# Why are light fixture wires allowed to be lighter gauge than house wiring on the same circuit?

why do cables joining the wall sockets in a house need to be thicker than the cables joining the light fittings? I don't understand and I need to know before I buy it.

• intuitive: your ice maker waterline is smaller than the house's water main too. – dandavis Oct 30 '17 at 21:49
• @dandavis not intuitive: in most houses in which I have looked at the plumbing, the water lines gradually reduce in diameter as waterlines branch off to rooms/fixtures. – user4302 Oct 31 '17 at 2:25
• @dandavis I'm pretty sure this logic doesn't work at all here - it's about max current, which works differently from max flow, no? – David Doria Feb 27 at 14:23
• @DavidDoria the diameter of household pipes and copper wire determines capacity, right? – dandavis Feb 27 at 16:32

The wires to the light fixture will only carry the current drawn by that particular light fixture (on the order of 1A or less, for simple fixtures). The wires in the wall between fixtures carry current for all fixtures on the circuit, and are protected by a fuse or circuit breaker in the main panel. The wires in the wall must thus be sized to carry the maximum current allowed by that circuit breaker. For 15A circuits, this is #14 wire; for 20A circuits, it is #12 wire.

Note that the wires to the fixture must also be sized to carry the maximum expected current, but that is (largely) determined by the manufacturer of the fixture. Light fixtures have a sticker somewhere stating the maximum wattage of bulb that can be installed. This is partially due to heat (not really a concern anymore with CFL and LED bulbs) and partially due to the size of the wiring.

Some (better quality) fixtures / equipment will also have internal fuses or breakers that are sized to protect the wiring in the cord.

• If a light fixture would short out, the smaller in-fixture wiring from the house #14 or #12 wiring would get momentarily overheated until the breaker tripped, but the fixture wiring is not inside an NM cable inside a wall and so would present a negligible fire risk. – Jim Stewart Oct 30 '17 at 20:52
• Fixture wire also has higher tempature rated insulation and the rating of the insulation is what the over current protective device is protecting. #12 & 14 wire can handle 5x the normal breakers but the insulation will melt if a continuous load at this value was used. – Ed Beal Oct 30 '17 at 22:08
• Hmmm what about lightbulb to plug adapters? We only use them in attics due to convince problems otherwise but ... – Joshua Oct 31 '17 at 2:04
• @Joshua what about them? If the fixture is rated for 75W, then anything plugged into that socket better draw 75W or less, whether it's a bulb or a bulb plus adapter plus plugged-in thing – mmathis Oct 31 '17 at 2:24

Because house wiring must be capable of carrying the load that the breaker allows (typically 15 or 20 amps), whereas a light fixture has a specific load limit related to the bulbs it is rated for (maybe just an amp or two).

• With the underlying assumption that people will plug random stuff in electric outlet (up to breaker tripping) but will not use bulbs rated above significantly above fixture spec – Jeffrey Oct 30 '17 at 19:13
• Which is probably a bad assumption, being that there are outlet adapters you can screw into a light fixture's bulb socket... – R.. Oct 31 '17 at 1:07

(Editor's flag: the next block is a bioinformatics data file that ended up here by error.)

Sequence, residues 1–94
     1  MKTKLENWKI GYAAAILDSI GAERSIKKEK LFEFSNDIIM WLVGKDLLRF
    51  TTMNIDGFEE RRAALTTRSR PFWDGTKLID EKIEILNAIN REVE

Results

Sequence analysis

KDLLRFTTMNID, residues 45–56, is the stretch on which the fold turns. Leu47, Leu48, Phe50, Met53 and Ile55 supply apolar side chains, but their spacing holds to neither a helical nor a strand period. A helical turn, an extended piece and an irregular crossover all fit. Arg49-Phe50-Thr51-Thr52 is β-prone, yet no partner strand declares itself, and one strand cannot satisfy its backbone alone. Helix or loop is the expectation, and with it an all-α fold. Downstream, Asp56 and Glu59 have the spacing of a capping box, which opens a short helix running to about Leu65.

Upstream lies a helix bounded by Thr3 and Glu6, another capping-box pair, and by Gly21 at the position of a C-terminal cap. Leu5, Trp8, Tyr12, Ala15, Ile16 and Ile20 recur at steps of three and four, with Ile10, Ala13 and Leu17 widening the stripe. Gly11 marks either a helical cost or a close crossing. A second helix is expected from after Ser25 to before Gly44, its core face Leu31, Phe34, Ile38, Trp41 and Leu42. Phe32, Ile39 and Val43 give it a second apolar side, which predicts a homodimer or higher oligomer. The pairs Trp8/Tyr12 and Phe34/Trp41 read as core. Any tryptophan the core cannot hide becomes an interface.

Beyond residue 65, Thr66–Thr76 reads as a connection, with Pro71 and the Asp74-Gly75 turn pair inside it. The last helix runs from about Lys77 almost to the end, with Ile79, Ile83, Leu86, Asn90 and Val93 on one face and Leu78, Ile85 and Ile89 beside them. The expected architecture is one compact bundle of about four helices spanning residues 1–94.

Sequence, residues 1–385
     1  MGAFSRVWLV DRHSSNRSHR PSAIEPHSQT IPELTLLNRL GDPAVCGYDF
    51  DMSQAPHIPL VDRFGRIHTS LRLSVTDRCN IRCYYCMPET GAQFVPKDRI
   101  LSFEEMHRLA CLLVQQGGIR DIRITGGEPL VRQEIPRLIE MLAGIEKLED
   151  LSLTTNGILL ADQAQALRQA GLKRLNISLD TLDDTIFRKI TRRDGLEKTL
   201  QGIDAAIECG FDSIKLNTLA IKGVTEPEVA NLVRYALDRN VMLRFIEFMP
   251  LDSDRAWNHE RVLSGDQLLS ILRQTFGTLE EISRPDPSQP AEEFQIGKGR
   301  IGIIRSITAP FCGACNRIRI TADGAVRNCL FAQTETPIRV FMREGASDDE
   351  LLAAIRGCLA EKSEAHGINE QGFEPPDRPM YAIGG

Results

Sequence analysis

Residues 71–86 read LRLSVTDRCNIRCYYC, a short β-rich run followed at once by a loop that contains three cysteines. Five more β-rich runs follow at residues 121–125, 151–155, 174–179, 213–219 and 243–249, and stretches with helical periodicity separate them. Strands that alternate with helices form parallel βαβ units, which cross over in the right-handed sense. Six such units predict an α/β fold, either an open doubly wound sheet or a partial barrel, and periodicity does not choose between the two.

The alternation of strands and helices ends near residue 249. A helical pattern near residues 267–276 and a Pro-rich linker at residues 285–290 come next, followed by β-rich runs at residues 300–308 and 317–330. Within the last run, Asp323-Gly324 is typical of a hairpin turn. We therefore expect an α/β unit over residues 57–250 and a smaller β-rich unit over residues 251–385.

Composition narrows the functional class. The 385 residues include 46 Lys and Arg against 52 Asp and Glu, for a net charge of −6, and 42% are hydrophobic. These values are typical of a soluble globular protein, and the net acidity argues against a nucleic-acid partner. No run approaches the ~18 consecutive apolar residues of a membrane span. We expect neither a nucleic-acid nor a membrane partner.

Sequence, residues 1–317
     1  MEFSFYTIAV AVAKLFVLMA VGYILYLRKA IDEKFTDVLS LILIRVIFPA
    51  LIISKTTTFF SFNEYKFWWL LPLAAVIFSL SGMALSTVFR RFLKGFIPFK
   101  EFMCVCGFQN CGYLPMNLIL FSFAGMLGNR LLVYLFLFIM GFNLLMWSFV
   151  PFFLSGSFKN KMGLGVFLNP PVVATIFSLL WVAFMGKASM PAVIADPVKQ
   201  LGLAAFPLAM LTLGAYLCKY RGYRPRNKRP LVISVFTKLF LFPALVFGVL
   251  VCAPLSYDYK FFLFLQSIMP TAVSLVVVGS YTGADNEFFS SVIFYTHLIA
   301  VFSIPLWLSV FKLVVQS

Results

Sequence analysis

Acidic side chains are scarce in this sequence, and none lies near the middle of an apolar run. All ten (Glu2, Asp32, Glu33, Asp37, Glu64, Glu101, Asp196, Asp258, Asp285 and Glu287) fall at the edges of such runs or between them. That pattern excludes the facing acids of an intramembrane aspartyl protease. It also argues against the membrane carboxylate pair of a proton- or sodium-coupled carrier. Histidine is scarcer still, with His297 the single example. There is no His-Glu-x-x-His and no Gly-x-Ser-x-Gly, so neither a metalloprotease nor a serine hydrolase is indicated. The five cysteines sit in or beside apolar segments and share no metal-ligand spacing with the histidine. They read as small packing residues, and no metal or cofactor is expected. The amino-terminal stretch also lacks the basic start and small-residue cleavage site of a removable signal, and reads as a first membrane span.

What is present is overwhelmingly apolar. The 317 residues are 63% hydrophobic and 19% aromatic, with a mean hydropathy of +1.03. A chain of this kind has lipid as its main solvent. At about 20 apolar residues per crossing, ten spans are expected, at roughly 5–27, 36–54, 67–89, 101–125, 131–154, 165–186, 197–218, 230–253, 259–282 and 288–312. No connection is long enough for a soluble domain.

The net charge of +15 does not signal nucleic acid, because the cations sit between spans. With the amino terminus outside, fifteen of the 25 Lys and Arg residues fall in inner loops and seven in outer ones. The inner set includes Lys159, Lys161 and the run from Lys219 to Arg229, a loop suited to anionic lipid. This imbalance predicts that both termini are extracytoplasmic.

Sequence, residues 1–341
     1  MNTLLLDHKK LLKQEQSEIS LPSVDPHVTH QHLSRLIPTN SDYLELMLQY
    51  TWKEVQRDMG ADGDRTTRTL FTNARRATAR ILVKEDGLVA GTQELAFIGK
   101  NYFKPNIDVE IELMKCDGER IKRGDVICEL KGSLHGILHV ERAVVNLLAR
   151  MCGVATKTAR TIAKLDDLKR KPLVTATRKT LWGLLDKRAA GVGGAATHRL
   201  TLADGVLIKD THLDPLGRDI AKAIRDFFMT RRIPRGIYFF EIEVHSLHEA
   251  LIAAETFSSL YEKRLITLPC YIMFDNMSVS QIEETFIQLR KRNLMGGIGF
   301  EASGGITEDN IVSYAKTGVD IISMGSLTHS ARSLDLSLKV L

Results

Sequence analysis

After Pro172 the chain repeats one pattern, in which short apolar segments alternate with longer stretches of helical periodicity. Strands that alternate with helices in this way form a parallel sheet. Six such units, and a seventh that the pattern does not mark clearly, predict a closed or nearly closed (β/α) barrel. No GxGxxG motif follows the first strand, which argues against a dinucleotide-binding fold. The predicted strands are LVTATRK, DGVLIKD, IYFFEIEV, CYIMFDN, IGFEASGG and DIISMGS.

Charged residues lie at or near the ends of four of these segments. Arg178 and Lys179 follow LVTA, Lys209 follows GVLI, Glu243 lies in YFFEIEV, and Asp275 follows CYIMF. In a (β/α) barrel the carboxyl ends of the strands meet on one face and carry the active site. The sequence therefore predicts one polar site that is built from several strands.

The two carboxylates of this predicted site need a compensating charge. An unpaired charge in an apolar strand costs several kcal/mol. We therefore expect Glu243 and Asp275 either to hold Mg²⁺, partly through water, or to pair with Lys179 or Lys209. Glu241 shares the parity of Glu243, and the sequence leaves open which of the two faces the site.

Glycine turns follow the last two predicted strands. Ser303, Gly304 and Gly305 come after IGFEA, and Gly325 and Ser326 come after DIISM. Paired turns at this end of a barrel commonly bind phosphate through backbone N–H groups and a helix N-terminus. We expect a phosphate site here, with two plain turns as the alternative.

They don't. Wiring to a light fixture must be the same gage as the circuit proper (12AWG for 20A).

Wiring inside a fixture can be a smaller gage, but those follow inside-appliance rules, which come from UL, not Code.

There's also a set of deep-arcana buried in Code called the "tap rules", but good luck finding a home inspector who will let you use tap rules in a residence in his jurisdiction.

• Actually, tap rules do come into resi work, usually when you have several builtin cooking appliances that are taken together as a single range load and put on a range circuit (40/50A) – ThreePhaseEel Oct 31 '17 at 1:20
• Correct the only way around this would be to put a fuse in the plug to protect the lighter appliance wire.... the UK is the only country that I am aware of that does this and you pay for it in the size of the plug. – dougal 5.0.0 Oct 31 '17 at 15:28
• @ThreePhaseEel Wait, so past the 6AWG junction box, you can run 12AWG to each of three burners/ovens if they're <4kW each? Whoa... – Harper Oct 31 '17 at 15:29
• @dougal4.0.0 UK has a very interesting and unique view on the tap rules... Those fuses in the plug are the key to it. I wonder, since many US plugs also have GFCI protection in the plug (well 6" up the cord)... Put overcurrent protection there too. – Harper Oct 31 '17 at 15:32
• @Harper -- yep on the 12AWG -- this is 210.19(A)(3) Ex 1 in the Code – ThreePhaseEel Oct 31 '17 at 22:28

The primary factor limiting the amount of current wires can carry is the amount of heat that wires can safely dissipate without getting too hot. Wires which are exposed to ambient air can dissipate a lot more heat than wires that are buried within a mass of insulation. Rather than requiring different sizes of wiring based upon the level of exposure to ambient air or flammable objects that could ignite if a wire gets too hot, the Standard generally mandates the same size of wiring regardless.

Within a luminary, however, it's practical to define requirements in more functional terms. The wiring within a luminary should be large enough to avoid overheating even if the filament of a dying bulb falls in such a way as to draw any excessive amount of current that doesn't trip the breaker. The size of wire necessary to accomplish that within a luminary, however, would be much smaller than would be required to safely carry current through an insulated wall.